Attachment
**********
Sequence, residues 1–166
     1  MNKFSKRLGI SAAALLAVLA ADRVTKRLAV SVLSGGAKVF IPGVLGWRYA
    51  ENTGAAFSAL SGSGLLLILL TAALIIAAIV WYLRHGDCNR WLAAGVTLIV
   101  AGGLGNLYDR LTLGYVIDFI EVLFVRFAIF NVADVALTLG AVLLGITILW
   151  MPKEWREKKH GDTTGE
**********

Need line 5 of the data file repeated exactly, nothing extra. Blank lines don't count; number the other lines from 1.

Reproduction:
   151  MPKEWREKKH GDTTGE